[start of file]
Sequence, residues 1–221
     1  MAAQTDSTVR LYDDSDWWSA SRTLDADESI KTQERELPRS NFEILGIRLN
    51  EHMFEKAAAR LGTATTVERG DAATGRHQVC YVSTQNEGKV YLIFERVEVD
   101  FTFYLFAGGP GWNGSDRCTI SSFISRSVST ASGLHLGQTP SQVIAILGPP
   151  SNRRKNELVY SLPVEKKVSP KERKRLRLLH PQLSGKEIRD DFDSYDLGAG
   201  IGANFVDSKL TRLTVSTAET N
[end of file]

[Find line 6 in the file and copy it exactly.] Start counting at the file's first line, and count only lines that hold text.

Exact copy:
   201  IGANFVDSKL TRLTVSTAET N